To install click the Add extension button. That's it.

The source code for the WIKI 2 extension is being checked by specialists of the Mozilla Foundation, Google, and Apple. You could also do it yourself at any point in time.

4,5
Kelly Slayton
Congratulations on this excellent venture… what a great idea!
Alexander Grigorievskiy
I use WIKI 2 every day and almost forgot how the original Wikipedia looks like.
Live Statistics
English Articles
Improved in 24 Hours
Added in 24 Hours
What we do. Every page goes through several hundred of perfecting techniques; in live mode. Quite the same Wikipedia. Just better.
.
Leo
Newton
Brights
Milds

Langley Green & West Green (electoral division)

From Wikipedia, the free encyclopedia

Langley Green & West Green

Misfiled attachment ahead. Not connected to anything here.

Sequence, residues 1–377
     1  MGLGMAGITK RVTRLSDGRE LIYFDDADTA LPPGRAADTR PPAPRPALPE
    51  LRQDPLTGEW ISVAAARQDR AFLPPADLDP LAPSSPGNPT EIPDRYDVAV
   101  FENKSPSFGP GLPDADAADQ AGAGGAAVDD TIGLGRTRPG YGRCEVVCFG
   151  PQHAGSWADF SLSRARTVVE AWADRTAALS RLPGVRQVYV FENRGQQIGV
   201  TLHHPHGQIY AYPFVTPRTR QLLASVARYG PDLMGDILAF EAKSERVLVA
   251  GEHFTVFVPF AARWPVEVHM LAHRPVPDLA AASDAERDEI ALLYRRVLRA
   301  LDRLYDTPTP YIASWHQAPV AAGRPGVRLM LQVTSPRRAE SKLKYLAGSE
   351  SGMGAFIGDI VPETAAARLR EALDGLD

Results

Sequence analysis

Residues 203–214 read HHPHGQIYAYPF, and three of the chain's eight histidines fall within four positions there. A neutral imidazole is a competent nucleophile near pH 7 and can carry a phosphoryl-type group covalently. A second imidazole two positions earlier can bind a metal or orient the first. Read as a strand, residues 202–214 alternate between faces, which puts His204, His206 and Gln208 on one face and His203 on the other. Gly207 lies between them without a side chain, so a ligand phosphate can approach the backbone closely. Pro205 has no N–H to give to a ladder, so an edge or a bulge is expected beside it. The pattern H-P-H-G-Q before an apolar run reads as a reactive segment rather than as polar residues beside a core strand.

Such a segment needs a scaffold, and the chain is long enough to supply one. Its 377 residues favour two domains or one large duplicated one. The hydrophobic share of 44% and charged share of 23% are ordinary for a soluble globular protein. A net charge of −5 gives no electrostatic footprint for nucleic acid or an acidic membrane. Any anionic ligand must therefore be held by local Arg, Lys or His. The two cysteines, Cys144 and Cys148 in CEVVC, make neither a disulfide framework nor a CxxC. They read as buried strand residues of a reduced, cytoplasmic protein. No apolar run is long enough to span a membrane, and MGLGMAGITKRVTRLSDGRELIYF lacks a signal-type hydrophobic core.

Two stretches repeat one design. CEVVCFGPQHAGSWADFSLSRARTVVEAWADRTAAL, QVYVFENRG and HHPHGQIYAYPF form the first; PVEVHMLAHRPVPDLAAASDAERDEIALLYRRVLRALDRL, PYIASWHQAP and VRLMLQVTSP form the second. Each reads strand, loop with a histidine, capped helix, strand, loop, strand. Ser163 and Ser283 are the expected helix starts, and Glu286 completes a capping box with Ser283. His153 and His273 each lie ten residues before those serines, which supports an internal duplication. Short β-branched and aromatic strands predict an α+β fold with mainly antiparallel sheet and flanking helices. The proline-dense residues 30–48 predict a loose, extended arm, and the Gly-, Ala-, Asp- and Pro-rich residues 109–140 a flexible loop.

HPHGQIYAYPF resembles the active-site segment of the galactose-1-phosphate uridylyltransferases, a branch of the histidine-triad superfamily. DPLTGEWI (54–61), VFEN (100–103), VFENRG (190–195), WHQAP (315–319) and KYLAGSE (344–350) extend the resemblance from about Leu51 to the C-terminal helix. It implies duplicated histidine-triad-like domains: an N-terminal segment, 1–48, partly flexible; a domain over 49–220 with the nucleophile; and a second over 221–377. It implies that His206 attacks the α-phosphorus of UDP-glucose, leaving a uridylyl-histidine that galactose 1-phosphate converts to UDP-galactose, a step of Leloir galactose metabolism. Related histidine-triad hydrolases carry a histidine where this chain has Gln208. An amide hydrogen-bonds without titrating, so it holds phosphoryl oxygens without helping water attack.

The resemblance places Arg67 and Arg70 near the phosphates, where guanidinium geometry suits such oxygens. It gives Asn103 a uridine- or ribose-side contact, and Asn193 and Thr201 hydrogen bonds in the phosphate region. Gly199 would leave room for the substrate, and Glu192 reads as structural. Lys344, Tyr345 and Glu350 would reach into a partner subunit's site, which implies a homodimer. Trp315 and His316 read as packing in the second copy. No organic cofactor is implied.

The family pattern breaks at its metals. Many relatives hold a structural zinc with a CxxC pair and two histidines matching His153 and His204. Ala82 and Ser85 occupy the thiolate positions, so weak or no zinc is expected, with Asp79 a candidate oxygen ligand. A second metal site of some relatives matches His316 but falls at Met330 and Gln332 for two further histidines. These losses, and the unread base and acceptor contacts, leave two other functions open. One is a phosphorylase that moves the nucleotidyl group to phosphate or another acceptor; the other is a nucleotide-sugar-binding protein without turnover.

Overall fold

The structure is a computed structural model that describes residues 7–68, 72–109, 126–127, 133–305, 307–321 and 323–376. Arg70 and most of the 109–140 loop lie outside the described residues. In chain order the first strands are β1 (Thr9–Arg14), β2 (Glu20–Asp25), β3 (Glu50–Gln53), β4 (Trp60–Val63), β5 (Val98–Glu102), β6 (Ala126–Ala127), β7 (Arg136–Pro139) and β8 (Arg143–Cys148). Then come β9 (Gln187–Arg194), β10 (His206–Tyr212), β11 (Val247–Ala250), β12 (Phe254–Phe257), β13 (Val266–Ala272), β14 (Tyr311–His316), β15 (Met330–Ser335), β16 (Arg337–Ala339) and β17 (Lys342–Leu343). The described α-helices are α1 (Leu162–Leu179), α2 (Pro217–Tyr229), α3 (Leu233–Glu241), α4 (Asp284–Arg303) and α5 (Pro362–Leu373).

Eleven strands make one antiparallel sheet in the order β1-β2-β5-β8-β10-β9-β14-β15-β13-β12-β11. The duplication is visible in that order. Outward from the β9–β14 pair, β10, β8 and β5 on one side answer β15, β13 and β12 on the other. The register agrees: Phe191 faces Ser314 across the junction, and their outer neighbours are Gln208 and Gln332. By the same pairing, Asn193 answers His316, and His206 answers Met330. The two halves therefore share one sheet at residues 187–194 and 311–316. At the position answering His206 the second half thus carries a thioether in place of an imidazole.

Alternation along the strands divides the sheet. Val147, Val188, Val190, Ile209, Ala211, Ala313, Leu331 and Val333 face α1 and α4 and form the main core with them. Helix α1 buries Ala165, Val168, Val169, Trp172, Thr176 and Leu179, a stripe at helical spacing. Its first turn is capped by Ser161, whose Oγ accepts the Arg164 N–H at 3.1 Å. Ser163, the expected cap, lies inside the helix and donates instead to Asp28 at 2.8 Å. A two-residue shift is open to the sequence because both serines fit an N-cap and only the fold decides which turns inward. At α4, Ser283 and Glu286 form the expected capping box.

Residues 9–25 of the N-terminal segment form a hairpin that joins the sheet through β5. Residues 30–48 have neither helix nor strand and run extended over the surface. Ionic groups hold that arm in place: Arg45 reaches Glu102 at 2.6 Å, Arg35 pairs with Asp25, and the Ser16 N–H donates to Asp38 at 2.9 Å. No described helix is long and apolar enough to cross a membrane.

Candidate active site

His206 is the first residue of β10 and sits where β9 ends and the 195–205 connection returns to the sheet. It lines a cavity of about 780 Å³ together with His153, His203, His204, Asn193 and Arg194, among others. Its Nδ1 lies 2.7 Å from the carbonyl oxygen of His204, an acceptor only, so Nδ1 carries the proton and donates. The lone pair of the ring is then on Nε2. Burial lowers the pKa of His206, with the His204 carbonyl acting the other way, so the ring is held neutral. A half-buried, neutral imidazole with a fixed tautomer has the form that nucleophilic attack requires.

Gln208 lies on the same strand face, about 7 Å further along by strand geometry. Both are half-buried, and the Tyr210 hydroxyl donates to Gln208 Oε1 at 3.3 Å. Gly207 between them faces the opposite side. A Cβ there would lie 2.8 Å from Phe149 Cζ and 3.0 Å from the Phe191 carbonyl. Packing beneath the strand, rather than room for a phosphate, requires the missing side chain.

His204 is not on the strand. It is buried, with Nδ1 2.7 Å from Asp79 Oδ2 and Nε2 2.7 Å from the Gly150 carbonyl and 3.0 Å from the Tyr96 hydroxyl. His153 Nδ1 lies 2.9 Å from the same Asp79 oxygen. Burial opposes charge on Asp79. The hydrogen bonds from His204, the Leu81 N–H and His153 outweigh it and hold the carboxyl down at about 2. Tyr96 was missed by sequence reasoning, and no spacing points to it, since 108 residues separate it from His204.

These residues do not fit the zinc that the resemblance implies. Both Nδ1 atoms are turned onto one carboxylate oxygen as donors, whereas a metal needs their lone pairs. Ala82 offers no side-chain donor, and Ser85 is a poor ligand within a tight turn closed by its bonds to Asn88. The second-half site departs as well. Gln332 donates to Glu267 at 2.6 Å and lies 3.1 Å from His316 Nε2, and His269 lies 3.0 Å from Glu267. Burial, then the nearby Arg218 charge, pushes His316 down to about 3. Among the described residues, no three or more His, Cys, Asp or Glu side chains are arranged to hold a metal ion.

Langley Green & West Green

Shown within West Sussex
District: Crawley
UK Parliament Constituency: Crawley
Ceremonial county: West Sussex
EU Constituency: South East England
Electorate (2009): 9193
County Councillor
Brenda Smith (Lab)

Langley Green & West Green is an electoral division of West Sussex in the United Kingdom, and returns one member to sit on West Sussex County Council.

YouTube Encyclopedic

  • 1/3
    Views:
    449
    344
    1 487
  • ✪ Collections as Data at the Library of Congress
  • ✪ LBCC - We The People: "Resistance Social Movements" - April 2017
  • ✪ Hedrick Smith May 6 2016

Transcription